Weather Updates

Sex assault victim: ‘What happened . . . was completely preventable’

St. Leonard's House 2100 2110 W. Warren Blvd. Thursday December 1 2011. | John H. White~Chicago Sun-Times.

St. Leonard's House, 2100 and 2110 W. Warren Blvd., Thursday, December 1, 2011. | John H. White~Chicago Sun-Times.

storyidforme: 22142624
tmspicid: 8304793
fileheaderid: 3732488
Article Extras
Story Image

Updated: January 5, 2012 8:21AM

She was like any young commuter.

The 23-year-old brunette put in a hard day of work, met friends for dinner and headed to her new apartment in Bucktown.

But when she got to her door, paroled sex offender Julius Anderson allegedly forced her inside and sexually assaulted her.

She and two other of his alleged victims now say the state prison system and a Near West Side transitional housing facility where Anderson spent time failed to properly monitor him or other parolees who lived there. If they had, the attacks would have never happened, the women believe.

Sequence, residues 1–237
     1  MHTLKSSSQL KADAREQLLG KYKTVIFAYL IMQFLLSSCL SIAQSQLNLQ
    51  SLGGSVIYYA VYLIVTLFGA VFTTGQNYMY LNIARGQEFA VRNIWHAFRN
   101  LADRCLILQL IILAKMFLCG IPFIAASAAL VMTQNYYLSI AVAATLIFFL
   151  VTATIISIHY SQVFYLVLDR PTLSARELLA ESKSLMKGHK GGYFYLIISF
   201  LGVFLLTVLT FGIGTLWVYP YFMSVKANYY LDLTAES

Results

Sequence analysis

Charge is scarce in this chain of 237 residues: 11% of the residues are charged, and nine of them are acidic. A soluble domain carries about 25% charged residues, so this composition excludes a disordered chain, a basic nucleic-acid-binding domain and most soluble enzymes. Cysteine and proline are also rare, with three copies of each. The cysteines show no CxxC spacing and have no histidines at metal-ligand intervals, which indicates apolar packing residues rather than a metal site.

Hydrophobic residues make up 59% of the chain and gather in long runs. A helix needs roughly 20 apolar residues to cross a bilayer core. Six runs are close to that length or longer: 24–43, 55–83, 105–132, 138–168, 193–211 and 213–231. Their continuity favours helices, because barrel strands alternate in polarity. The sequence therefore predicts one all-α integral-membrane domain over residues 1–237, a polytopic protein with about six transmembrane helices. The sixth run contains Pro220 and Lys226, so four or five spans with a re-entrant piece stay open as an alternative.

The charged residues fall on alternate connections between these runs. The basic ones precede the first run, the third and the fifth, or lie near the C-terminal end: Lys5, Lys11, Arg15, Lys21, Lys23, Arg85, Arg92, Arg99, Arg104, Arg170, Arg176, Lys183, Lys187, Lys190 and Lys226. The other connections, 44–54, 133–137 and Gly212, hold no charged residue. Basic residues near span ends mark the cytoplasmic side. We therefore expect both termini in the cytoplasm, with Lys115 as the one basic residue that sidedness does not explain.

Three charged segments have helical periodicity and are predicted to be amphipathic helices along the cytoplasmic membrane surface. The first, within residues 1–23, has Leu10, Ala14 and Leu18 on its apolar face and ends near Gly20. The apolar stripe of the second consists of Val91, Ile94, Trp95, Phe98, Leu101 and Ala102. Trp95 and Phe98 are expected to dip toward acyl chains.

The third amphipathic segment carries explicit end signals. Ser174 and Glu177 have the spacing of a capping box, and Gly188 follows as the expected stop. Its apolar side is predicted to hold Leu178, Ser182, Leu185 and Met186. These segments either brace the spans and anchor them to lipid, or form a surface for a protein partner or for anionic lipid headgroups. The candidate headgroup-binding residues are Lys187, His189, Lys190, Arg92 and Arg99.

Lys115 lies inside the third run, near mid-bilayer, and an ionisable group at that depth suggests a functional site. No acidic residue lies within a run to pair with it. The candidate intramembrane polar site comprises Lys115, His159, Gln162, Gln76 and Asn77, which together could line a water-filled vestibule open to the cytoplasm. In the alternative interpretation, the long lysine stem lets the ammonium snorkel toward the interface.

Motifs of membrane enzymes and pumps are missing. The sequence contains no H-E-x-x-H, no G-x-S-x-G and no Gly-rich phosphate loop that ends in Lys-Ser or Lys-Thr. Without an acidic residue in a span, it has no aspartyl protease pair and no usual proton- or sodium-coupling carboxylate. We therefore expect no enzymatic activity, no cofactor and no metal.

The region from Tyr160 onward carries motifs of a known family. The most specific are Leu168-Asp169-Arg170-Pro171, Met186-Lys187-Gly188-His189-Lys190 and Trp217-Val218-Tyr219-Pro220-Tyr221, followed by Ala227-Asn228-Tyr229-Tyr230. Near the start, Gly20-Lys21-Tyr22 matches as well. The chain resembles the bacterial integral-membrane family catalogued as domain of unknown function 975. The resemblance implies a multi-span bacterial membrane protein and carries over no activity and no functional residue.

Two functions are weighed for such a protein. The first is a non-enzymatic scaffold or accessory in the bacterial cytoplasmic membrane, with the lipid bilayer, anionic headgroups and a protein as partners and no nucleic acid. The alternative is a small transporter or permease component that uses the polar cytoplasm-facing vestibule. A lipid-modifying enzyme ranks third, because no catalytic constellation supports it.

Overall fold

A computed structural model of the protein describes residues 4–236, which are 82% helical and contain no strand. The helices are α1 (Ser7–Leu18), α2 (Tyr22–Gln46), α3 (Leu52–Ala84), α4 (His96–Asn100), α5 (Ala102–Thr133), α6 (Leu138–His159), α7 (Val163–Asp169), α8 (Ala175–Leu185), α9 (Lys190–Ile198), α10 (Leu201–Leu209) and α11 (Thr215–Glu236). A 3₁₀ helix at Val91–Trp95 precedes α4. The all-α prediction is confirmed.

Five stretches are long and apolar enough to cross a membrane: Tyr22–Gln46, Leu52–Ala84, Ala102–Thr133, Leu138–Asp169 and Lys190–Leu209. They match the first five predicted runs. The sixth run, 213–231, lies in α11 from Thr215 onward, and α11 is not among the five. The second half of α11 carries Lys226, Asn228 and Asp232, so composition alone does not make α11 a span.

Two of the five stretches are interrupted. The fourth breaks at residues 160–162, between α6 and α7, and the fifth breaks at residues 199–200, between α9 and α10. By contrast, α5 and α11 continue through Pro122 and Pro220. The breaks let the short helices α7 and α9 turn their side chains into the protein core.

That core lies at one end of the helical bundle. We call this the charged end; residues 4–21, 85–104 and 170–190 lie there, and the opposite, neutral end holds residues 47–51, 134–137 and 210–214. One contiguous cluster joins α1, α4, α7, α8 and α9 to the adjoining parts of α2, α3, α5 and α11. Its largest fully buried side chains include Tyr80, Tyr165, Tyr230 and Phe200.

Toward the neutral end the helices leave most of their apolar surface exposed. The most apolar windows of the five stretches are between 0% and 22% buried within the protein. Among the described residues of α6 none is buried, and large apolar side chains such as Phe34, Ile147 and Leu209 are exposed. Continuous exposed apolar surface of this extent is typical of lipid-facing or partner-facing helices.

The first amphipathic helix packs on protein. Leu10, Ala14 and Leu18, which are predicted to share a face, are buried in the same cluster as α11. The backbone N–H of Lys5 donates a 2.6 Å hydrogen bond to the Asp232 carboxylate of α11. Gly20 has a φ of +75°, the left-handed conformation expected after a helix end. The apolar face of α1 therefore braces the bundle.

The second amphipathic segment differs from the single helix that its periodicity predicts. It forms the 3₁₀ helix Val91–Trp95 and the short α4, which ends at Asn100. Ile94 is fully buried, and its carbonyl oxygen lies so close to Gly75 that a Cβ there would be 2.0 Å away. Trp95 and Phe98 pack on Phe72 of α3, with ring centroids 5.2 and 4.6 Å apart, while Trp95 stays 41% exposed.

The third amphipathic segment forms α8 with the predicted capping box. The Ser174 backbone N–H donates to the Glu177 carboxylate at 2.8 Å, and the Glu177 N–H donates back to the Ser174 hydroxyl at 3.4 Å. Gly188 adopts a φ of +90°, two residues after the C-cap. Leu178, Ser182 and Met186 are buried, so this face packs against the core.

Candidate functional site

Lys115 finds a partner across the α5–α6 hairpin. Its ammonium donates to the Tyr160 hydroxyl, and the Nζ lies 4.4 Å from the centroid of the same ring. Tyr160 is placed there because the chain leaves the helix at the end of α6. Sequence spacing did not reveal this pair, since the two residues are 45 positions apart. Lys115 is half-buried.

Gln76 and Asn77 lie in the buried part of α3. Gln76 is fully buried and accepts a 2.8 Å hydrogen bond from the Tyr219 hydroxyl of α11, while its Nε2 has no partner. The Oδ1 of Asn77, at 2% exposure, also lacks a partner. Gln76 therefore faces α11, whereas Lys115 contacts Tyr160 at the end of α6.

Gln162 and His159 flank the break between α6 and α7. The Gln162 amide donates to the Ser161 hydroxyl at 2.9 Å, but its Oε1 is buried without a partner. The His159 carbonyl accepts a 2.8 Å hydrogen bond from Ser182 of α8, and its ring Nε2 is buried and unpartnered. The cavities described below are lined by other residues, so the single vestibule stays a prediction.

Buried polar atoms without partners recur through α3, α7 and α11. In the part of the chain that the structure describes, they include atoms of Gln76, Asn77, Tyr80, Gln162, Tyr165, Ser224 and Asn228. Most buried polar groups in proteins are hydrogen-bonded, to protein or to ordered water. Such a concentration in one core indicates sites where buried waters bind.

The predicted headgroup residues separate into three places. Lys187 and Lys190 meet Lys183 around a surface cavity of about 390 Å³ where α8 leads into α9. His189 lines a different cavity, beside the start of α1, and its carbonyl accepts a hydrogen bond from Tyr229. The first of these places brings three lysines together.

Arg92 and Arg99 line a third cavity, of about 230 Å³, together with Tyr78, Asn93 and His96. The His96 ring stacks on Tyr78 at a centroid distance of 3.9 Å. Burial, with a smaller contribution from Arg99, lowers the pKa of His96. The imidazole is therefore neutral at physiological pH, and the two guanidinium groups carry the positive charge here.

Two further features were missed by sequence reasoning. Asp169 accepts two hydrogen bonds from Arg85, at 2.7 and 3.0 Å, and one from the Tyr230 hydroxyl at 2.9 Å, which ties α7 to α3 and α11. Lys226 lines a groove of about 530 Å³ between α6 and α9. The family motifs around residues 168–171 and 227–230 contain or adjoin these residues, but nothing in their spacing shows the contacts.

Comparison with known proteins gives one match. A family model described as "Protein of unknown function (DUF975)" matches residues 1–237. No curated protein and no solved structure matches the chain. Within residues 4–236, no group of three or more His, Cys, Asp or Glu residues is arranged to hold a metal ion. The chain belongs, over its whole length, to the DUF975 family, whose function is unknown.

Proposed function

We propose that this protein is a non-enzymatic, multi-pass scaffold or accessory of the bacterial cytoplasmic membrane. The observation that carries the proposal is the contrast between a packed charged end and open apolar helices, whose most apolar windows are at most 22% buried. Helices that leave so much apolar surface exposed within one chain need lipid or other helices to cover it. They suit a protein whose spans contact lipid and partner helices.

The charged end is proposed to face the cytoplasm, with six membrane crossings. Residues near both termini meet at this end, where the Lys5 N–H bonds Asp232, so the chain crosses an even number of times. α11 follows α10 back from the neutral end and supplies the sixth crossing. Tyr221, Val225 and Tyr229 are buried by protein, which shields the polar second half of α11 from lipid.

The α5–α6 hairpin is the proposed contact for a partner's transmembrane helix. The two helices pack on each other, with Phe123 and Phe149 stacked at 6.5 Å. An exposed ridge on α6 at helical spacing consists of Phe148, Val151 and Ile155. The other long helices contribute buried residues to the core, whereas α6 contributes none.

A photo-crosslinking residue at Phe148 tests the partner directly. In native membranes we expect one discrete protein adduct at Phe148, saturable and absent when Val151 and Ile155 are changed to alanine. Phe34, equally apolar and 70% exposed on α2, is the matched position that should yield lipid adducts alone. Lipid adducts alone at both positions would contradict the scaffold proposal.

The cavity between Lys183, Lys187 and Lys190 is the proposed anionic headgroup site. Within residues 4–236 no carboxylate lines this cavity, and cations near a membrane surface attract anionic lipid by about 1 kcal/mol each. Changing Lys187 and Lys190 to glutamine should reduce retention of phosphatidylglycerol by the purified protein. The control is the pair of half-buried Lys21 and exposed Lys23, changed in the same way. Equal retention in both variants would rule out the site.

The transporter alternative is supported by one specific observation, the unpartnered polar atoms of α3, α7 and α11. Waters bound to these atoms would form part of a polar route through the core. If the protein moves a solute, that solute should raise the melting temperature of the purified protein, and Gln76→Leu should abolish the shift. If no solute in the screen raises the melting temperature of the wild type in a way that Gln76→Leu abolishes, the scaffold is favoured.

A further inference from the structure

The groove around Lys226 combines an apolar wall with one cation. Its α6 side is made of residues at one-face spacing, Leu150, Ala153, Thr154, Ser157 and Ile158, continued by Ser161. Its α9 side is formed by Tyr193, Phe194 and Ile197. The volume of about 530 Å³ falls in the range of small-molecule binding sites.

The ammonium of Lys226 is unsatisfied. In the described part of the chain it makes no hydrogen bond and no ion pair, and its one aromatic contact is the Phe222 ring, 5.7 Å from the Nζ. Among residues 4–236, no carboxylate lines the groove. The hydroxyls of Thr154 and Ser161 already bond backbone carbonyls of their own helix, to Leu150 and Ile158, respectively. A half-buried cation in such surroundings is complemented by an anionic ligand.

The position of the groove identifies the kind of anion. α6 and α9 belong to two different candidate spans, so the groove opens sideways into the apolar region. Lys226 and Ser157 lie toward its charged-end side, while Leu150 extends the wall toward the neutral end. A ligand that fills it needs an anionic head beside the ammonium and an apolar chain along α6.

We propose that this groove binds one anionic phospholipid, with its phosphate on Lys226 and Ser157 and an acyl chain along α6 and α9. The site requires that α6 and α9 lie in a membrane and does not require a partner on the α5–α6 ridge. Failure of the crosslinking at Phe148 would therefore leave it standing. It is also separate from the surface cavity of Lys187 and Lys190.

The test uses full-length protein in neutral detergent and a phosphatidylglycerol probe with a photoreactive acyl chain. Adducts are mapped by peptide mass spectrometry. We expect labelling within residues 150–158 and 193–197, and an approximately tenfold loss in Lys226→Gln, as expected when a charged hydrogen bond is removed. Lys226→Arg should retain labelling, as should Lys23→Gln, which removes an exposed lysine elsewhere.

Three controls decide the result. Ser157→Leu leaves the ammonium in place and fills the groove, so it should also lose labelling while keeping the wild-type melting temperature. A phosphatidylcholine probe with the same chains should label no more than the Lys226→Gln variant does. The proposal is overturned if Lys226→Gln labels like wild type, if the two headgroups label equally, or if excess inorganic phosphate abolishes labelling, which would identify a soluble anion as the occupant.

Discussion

Anderson was paroled to St. Leonard’s House in June 2009. But he walked away without permission in August 2009 and, according to Cook County prosecutors, sexually assaulted the Bucktown woman and two others before he was caught the next month.

More than 150 other parolees — including three murderers — also left St. Leonard’s House without permission between 2000 and 2010, according to records obtained by the Sun-Times.

Anderson was among eight parolees who were charged with committing new crimes while they were on the lam from the halfway house, including a man convicted of aggravated battery for punching his girlfriend and hitting her with a lamp, the records show.

The Bucktown woman said she has been living in fear since she was attacked.

She no longer goes out alone at night.

She won’t let males walk behind her, including her boyfriend’s younger brothers.

She pauses to let men pass her on the sidewalk.

And she checks in with a friend every time she walks her dog, providing her exact route in case something goes wrong.

“I don’t ever want to meet anybody because I don’t really feel safe with people anymore,” the woman said. “This isn’t how it’s supposed to go. What happened to me and these other girls was completely preventable.”

Halfway house sued

The Bucktown woman and the two other women have filed suit in Cook County Circuit Court against St. Leonard’s Ministries and the psychologists whose evaluation led to Anderson’s parole.